Two Seedlings with Very Different Colors

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Aug 14, 2014
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New York City
A two very differently colored flowers of [(Neofinetia falcata ‘Shutennou’ x Koto) x sib].
Koto parent is considered a hybrid.
The dark red violet colored one shown below was among the first to flower from the flask I got in 2015. It first bloomed in 2017!
More than half the seedlings were this dark in bloom and others were either pure white to white with pink blushing like the one shown here.
Both plants bloom every year with very large fragrant flowers but the lighter one is much faster grower having accumulated a few growths while the dark one is still a single-growth plant. The lighter colored one also has a higher flower count (up to 13 at its best blooming!) and last much longer than typical neos up to 4 weeks.
I’m entertaining the idea of cross-pollinating these two. 😁

Both are lovely, but that darker one caught my eye. Neos are cool growers, right?
They don't grow as a cool grower although I'm not sure what is really meant by a cool grower.
The species Neos come from Subtropical to tropical climate in the southern tip of South Korea and Japan where the summer gets very warm and the winter gets cool to near freezing during the winter.
They should grow perfectly fine in the greenhouse in your area with some winter protection.
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I always wonder if these can be cultivated under warm climates?
The average temperature range Max/Min for the month of July & Aug in their Korean habitat is 83/73 and 84/74. The temperature in its southern most distribution in Okinawa, Japan is 88/79 and 87/78, respectively.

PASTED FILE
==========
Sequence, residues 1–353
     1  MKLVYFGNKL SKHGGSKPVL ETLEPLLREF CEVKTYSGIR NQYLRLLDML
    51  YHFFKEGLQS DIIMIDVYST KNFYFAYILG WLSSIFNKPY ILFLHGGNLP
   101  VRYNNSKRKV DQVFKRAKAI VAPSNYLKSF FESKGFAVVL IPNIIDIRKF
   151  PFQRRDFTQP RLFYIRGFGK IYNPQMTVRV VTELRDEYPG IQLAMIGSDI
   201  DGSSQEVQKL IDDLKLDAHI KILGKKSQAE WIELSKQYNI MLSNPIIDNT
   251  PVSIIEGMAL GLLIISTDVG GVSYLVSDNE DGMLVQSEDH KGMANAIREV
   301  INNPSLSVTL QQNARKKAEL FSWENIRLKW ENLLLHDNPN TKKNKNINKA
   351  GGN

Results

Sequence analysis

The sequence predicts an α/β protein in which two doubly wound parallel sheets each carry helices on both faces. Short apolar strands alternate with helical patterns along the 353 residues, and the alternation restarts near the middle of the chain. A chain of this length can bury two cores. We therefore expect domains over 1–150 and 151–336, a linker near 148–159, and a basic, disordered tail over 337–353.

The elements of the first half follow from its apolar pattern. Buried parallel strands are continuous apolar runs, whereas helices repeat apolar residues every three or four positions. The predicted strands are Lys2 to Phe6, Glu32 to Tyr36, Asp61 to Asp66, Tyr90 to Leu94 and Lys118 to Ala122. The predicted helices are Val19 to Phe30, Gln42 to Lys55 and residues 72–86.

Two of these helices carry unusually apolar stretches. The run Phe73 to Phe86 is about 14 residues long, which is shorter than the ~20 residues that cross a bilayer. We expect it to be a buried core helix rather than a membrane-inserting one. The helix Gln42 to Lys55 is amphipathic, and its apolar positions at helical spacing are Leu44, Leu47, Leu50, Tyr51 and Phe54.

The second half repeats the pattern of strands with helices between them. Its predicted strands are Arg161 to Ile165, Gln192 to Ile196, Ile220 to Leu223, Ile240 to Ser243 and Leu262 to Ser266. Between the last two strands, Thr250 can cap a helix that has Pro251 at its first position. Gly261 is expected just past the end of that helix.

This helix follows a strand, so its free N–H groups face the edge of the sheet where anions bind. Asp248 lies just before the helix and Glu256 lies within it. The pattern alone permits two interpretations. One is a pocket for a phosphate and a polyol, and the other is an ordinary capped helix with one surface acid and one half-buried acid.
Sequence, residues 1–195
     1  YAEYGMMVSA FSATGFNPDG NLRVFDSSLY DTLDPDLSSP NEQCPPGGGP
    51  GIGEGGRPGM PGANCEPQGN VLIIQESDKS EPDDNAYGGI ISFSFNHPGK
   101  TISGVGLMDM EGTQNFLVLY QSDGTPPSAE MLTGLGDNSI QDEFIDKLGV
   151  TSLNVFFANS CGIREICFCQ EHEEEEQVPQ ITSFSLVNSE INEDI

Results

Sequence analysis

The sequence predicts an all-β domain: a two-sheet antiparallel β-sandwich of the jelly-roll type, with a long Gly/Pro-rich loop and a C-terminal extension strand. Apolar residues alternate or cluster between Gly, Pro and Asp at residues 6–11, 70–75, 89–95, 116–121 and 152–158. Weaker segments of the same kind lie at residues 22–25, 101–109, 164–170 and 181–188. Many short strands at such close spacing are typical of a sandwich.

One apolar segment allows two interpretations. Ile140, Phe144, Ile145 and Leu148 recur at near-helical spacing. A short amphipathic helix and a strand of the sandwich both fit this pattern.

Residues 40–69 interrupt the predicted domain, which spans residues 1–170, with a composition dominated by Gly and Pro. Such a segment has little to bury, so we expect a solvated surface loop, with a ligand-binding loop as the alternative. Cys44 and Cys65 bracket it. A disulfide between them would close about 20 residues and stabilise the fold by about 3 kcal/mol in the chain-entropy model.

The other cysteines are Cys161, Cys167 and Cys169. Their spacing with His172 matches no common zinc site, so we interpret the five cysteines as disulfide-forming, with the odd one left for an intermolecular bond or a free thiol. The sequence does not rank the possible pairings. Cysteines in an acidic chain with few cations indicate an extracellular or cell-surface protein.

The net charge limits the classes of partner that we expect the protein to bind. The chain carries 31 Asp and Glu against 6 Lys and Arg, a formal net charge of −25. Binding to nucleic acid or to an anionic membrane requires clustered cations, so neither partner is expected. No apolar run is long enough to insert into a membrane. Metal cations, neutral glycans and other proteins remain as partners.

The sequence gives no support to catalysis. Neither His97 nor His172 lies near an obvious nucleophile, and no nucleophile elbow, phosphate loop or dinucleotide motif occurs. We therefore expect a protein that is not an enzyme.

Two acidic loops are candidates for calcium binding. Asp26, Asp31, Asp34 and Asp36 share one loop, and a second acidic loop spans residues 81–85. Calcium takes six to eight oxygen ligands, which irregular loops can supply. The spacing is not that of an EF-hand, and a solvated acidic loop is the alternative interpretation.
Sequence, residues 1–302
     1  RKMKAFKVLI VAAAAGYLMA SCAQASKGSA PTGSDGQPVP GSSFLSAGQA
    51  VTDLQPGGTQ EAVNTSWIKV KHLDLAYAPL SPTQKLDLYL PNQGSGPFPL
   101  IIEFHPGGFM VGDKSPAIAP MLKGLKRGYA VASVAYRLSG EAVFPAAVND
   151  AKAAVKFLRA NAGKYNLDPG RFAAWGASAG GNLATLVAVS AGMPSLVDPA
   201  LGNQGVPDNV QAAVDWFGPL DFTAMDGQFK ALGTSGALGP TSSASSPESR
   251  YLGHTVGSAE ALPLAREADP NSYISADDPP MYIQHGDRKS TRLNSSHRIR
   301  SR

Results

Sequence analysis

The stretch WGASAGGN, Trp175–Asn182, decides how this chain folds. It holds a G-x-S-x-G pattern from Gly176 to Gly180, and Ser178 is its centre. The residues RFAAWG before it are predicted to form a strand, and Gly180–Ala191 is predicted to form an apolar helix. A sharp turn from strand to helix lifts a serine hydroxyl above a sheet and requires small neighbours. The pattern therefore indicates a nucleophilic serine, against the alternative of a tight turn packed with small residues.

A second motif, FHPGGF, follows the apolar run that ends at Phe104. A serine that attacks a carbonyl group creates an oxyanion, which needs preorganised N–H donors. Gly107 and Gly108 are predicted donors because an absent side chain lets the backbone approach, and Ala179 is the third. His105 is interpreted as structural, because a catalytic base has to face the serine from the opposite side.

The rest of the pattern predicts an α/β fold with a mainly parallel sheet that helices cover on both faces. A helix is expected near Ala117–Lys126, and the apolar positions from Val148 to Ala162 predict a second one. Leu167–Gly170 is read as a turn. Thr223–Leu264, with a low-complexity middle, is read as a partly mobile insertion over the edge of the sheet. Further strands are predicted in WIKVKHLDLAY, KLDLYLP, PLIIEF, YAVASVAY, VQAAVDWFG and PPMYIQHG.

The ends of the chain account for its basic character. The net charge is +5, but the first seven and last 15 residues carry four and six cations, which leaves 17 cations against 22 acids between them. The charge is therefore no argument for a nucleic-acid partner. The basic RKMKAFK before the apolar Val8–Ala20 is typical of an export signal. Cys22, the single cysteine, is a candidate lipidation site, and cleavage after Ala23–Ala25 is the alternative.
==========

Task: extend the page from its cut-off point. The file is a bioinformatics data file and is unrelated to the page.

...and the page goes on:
The winter temperature max/min for January & February in Korean habitat is 44/37 and 46/38, and 66/57 for both months in Okinawa.
So, I would say try and find the variety known as Amami Island (a small island just north of Okinawa) or wild type. These are the cheapest and most commonly distributed variety I believe. They tend to grow larger than typical select varieties but also with larger flowers with higher number of them. So I would recommend that one.
Also, if you could keep your day time temperature well under 70F in the winter months, then, you could try just about any variety with success I believe.
Regarding the light, there's whole chart of correct light level for different varieties. This is a guideline for those who strive to grow their plants to near perfection to compete at the neo shows. Most of them will grow and bloom fine at any decently bright location where your Phalaenopsis, Oncidium, or even Cattleyas grow and bloom well.
Avoid midday hot sun, though.
Also, something to think about, in the wild, all the good healthy clumps are found heavily shaded under the tree leaves. Most of these tress shed leaves in the fall exposing the plants in the full fun but winter tends to be cool to near freezing in the habitat. High humidity at all times with occasional winter rain or even snow.
Nice to show the genetic variation.

Love them.

I find them intermediate growers. But can tolerate high heat and light in summer.
It's best to keep them under 30C (86F) which is the point where they stop growing in the summer time.
It's important to keep them well shaded and watered and ventilated. Even then, summer is when the nurseries report the most loss to rotting disease as plants are under stress.
When you keep them at under 30C and with proper shading, you will see them happy :)